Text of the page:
Charge transport in organic semiconductors is governed by a mix of polaron hopping and band- like transport mechanisms. The energy of polaron hopping and formation are similar in magnitude to the energies of inter- and intra- molecular modes, which points to the important role that these modes have on charge transport. Intermolecular modes are theorized to result in a dynamic localization of charge carriers which limits electronic performance of the bulk material. Here, we introduce a novel framework to investigate the role that normal intermolecular modes have on charge transport in single crystal tetracene. We correlate mode energies and directionality from polarized Raman spectroscopy, transmission electron microscopy, and density functional theory with anisotropic transport measured on a field-effect transistor to define influential modes on important charge transport directions. Select modes are more likely to inhibit or promote charge transport along the high and low mobility axes, relating transient localization effects and anisotropic mobility.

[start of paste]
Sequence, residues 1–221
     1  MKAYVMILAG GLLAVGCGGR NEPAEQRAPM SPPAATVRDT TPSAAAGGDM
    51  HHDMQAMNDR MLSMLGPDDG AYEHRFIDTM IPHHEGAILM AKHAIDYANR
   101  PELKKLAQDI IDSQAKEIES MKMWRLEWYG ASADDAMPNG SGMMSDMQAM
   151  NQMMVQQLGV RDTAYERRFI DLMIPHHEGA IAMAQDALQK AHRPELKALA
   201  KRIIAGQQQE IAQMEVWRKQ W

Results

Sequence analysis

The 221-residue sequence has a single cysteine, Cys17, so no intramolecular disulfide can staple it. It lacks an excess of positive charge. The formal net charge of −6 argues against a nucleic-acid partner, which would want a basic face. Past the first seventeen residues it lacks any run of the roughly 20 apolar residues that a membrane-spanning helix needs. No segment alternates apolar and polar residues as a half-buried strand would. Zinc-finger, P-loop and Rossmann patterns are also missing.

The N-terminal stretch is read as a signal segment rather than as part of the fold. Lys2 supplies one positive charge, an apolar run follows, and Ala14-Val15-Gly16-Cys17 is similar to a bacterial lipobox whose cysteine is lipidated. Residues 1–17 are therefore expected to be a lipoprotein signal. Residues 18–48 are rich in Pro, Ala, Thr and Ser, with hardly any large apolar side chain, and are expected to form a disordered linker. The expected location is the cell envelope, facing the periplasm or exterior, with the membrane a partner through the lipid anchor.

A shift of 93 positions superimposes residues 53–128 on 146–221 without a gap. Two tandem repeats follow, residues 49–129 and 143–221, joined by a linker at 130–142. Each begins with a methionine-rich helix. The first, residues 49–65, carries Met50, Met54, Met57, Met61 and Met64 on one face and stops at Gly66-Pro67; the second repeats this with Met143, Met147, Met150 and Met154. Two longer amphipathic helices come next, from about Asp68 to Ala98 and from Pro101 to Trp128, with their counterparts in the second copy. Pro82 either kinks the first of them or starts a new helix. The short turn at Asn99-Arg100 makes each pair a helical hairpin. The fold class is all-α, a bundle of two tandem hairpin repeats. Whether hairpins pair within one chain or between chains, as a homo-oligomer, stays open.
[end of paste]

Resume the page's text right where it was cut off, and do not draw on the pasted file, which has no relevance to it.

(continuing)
organic semiconductor, anisotropic properties, Raman spectroscopy, Density functional theory, transistor